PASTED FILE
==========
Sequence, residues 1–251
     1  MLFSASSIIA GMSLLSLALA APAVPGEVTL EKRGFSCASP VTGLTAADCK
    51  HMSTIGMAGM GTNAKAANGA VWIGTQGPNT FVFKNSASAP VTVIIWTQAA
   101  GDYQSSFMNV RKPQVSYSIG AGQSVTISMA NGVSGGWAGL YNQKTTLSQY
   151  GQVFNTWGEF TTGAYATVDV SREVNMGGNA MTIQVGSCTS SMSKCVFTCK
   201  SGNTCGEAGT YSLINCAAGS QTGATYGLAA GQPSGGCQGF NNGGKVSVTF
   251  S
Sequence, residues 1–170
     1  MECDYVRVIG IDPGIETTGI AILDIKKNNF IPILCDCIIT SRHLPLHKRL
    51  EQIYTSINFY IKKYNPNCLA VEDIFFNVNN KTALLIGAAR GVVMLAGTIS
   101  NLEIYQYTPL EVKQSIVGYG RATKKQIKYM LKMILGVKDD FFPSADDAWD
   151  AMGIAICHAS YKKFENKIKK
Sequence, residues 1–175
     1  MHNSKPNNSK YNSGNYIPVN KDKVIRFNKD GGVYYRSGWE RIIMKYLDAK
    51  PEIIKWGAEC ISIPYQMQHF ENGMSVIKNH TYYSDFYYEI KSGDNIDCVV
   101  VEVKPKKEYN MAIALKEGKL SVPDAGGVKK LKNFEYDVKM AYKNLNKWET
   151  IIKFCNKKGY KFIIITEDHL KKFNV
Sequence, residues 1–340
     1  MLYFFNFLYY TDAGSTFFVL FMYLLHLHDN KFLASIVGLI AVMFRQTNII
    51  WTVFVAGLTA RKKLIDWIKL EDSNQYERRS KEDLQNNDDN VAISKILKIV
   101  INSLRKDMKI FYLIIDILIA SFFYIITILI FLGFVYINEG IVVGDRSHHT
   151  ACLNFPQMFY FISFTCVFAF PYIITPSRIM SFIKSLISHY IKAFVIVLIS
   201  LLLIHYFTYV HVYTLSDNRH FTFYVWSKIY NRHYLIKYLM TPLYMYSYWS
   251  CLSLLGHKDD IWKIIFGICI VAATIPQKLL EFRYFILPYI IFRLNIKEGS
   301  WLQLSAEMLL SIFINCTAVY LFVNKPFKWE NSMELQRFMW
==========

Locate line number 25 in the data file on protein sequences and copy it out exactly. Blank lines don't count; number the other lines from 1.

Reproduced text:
   301  WLQLSAEMLL SIFINCTAVY LFVNKPFKWE NSMELQRFMW